I have been thinking about the semantics of Rust – as in, the intended behavior of Rust programs when executed, in particular those containing unsafe code – a lot. Probably too much. But all of these thoughts are just in my head, which is not very useful when someone else wants to try and figure out how some tricky bit of unsafe Rust code behaves. As part of the Unsafe Code Guidelines project, we often get questions asking whether a concrete piece of code is fine or whether it has Undefined Behavior. But clearly, that doesn’t scale: there are just too many questions to be asked, and figuring out the semantics by interacting with an oracle with many-day latency is rather frustrating. We have Miri, which is a much quicker oracle, but it’s also not always right and even then, it can just answer questions of the form “is this particular program fine”; users have to do all the work of figuring out the model that generates those answers themselves.
So I have promised for a long time to find some more holistic way to write down my thoughts on unsafe Rust semantics. I thought I could do it in 2021, but I, uh, “slightly” missed that deadline… but better late than never! At long last, I can finally present to you: MiniRust.1
The purpose of MiniRust is to describe the semantics of an interesting fragment of Rust in a way that is both precise and understandable to as many people as possible. These goals are somewhat at odds with each other – the most precise definitions, e.g. carried out in the Coq Proof Assistant, tend to not be very accessible. English language, on the other hand, is not very precise. So my compromise solution is to write down the semantics in a format that is hopefully known to everyone who could be interested: in Rust code. Specifically, MiniRust is specified by a reference interpreter that describes the step-by-step process of executing a MiniRust program, including checking at each step whether the program has Undefined Behavior.
“Hold on”, I hear a Cool Bear say, “you are defining Rust in Rust code? Isn’t that cyclic?”2
Well, yes and no. It’s not really Rust code.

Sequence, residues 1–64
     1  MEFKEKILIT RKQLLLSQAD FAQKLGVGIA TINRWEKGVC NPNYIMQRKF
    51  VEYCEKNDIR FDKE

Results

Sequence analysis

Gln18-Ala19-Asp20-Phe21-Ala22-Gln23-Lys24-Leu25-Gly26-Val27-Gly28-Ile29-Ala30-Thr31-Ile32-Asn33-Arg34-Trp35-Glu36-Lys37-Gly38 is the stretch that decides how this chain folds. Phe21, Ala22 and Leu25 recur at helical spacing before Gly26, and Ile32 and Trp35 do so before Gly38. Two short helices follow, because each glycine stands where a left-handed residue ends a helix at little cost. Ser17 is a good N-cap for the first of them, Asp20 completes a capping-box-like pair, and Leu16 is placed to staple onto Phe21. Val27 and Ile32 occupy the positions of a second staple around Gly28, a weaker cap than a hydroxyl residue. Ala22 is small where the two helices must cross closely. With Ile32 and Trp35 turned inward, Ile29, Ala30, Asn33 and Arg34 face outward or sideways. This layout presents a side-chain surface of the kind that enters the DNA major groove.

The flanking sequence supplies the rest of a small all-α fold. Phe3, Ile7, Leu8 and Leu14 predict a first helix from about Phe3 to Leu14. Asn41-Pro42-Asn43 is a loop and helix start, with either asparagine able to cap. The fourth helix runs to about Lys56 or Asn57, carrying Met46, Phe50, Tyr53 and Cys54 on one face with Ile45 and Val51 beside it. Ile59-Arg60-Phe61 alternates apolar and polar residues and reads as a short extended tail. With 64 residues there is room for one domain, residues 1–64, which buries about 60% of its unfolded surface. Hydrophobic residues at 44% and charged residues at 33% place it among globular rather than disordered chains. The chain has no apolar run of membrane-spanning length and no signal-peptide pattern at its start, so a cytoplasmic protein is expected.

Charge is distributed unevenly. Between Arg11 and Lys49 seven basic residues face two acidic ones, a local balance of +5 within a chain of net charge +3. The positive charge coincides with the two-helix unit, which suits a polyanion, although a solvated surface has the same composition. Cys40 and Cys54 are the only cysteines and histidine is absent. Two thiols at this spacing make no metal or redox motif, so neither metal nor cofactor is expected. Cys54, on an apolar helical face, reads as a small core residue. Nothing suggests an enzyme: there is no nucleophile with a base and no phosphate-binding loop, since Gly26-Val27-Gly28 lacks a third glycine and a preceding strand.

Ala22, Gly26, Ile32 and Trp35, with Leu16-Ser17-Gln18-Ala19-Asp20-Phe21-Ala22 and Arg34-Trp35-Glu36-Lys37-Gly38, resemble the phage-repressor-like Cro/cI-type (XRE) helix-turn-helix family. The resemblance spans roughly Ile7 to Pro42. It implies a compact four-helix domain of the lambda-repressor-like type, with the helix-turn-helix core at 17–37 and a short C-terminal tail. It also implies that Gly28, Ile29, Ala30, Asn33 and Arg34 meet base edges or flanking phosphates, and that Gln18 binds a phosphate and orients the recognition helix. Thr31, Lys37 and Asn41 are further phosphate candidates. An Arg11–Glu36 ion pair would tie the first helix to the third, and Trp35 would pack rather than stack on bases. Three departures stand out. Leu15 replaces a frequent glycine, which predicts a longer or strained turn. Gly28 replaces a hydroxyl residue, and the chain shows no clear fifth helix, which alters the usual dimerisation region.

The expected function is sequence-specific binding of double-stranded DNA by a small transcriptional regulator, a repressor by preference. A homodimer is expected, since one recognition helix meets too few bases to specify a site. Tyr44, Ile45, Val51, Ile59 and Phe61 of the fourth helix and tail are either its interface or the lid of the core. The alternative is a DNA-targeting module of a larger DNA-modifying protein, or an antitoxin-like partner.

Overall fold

It’s what I call “pseudo Rust”, uses only a tiny fragment of the language (in particular, no
unsafe), and then extends the language with some conveniences to make things less verbose.
The idea is that anyone who knows Rust should immediately be able to understand what this code means, but also hopefully eventually if this idea pans out we can have tooling to translate pseudo Rust into “real” languages – in particular, real Rust and Coq.
Translating it to real Rust means we can actually execute the reference interpreter and test it, and translating it to Coq means we can start proving theorems about it.
But I am getting waaaay ahead of myself, these are rather long-term plans.
Update (2023-02-13): “Pseudo Rust” has now been renamed to “specr lang”, the language of the work-in-progress “specr” tool that can translate specr lang into Rust code to make specifications executable. /Update
So, if you want to look into my brain to see how I see Rust programs, then please go check out MiniRust.
The README explains the scope and goals, the general structure, and the details of
pseudo Rust specr lang, as well as a comparison with some related efforts.
In particular I find that the concept of “places” and “values”, which can be rather mysterious, becomes a lot clearer when spelled out like that, but that might just be me. I hasten to add that this is very early work-in-progress, and it is my own personal experiment, not necessarily reflecting the views of anyone else. It is also far from feature-complete, in fact it has just barely enough to be interesting. There are lots of small things missing (like integers that aren’t exactly 2 bytes in size, or tuples that don’t have exactly 2 elements), but the biggest omission by far is the total lack of an aliasing model. And unsized types. And concurrency. And probably other things.
On the other hand, there are many things that it can explain in full precision:
- validity invariants, and how they arise from the mapping between a high-level concept of “values” and a low-level concept of “sequences of bytes”
- the basic idea of provenance tracking the “allocation” a pointer points to, and how that interacts with pointer arithmetic (including
- how pointer provenance behaves when doing transmutation between pointers and integers
- what happens when casting between pointers and integers
- padding (that’s why tuples can have 2 elements, so there can be padding between them)
If you are not used to reading interpreter source code, then I guess this can be rather jarring, and there is certainly a lot of work that could and should be done to make this more accessible. (Like, examples. I hear people like examples.) But just being able to talk about these questions with precision at all has already lead to some interesting discussions in the UCG WG, some of which made me change my mind – thanks in particular to @digama0, @JakobDegen, and @alercah for engaging deeply with my ideas. So for now it is serving its purpose, and maybe some of you can find it useful, too. Hopefully we can even use this as a starting place for seriously tackling the issue of an official specification of Rust. More on that soon. :)